As e-commerce eats up a growing share of retail, streaming takes over entertainment, and social media exerts its hold on pretty much everything, the chief digital officer once seemed a critical position in any company that wanted to remain relevant.
The trend looks to be on its way out, though. According to Strategy&, PwC’s strategy consulting group, the rate at which companies have been creating positions for a chief digital officer, or CDO, has slowed to a trickle.
The firm, which examined hiring and the role of the CDO at the 2,500 largest publicly traded companies last year, found that just 54 companies, or 2.2%, had created a new CDO position in 2018. That was down from 124 in 2017, and 160 in 2016. “We can now say that 2016 was the high-water mark in CDO hiring,” the firm said in a blog post.
The reason is not, however, because companies overestimated the value of becoming digitally fluent. It’s because, these days, that job is the responsibility of the entire organization. A few years ago, when the number of CDOs was on the rise, it reflected an understanding among companies that they needed to ditch old, pre-digital mindsets and transform how they did business. Many took a top-down approach, appointing an executive to oversee the process.
Today, however, being set up for business in a digital world can’t be one person’s job. “Leaders at many companies now believe that putting a single person in charge of digital transformation may not be the best approach, because it is an intrinsic strategic priority across the whole business as agility becomes critical to survival,” the blog post by Strategy&’s Pierre Péladeau and Olaf Acker pointed out. “The CDO role no longer leads a discrete function.”
Ian Rogers, the chief digital officer of luxury giant LVMH, made this point strongly in an interview with Wired UK in November, saying that having the word “digital” in someone’s job title, including his own, is redundant. He added:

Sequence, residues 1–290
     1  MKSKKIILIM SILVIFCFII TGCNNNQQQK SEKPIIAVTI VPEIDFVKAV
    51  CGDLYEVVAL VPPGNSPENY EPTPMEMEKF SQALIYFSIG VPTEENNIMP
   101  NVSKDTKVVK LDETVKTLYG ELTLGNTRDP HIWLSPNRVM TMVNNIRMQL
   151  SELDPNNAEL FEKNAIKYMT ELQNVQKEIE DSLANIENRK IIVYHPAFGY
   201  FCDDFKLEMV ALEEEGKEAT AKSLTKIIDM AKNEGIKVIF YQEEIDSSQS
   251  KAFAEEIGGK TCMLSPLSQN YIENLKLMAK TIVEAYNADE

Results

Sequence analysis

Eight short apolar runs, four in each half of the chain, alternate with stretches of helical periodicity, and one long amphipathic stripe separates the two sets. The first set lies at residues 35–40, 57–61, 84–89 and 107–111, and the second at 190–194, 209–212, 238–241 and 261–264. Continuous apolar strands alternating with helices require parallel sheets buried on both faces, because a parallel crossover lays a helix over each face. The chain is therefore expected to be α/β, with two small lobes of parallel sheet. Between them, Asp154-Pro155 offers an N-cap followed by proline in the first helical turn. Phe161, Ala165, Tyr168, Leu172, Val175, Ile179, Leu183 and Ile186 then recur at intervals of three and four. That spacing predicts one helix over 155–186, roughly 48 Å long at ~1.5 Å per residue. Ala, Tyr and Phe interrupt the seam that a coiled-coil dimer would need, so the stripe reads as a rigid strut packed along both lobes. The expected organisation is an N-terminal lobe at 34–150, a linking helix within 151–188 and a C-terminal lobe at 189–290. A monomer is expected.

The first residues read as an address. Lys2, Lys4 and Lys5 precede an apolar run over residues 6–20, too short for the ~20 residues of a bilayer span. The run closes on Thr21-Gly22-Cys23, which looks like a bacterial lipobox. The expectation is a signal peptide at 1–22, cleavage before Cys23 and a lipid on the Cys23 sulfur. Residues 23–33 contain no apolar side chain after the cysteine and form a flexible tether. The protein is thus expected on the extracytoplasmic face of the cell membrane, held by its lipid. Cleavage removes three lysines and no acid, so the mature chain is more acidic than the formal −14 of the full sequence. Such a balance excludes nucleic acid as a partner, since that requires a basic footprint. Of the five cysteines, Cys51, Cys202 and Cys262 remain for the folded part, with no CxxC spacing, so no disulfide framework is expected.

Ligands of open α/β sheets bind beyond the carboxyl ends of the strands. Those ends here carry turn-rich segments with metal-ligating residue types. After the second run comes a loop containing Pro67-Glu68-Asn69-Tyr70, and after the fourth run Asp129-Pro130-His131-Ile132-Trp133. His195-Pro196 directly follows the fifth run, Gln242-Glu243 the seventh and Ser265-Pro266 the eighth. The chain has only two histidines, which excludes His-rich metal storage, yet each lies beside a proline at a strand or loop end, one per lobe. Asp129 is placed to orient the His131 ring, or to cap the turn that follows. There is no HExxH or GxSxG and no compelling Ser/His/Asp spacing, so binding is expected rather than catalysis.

Scott Galloway at L2 said, “Having a chief digital officer is like having a chief electricity officer.” I think that that’s really accurate. What you’re doing is, you’re using this somewhat technical term to mask the fact that your customer’s behaviours have changed. You need to elevate technology inside of your organisation.
And that vision seems to be materializing. Strategy& found that, in the past, the CDO was often someone who played a customer-facing function, with expertise in marketing, customer service, or sales. But there’s been a good deal of turnover in those jobs, as now companies want someone with a background in technology who can make it a core component of how the whole company operates, rather than having it isolated to specific projects.
The next step, Strategy& predicts, is for the CDO role to disappear entirely. In fact, if a company doesn’t have a CDO already, the consulting firm counsels, it should hesitate to create the role now. Rather, each member of the C-suite should be handling the digitization job in the parts of the business under their watch.